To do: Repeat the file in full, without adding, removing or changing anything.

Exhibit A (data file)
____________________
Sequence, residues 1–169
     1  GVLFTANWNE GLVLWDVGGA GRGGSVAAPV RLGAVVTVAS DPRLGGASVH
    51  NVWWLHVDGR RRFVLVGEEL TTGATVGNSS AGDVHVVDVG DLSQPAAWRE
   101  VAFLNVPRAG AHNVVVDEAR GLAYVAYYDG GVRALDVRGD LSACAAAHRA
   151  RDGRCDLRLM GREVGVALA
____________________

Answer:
Sequence, residues 1–169
     1  GVLFTANWNE GLVLWDVGGA GRGGSVAAPV RLGAVVTVAS DPRLGGASVH
    51  NVWWLHVDGR RRFVLVGEEL TTGATVGNSS AGDVHVVDVG DLSQPAAWRE
   101  VAFLNVPRAG AHNVVVDEAR GLAYVAYYDG GVRALDVRGD LSACAAAHRA
   151  RDGRCDLRLM GREVGVALA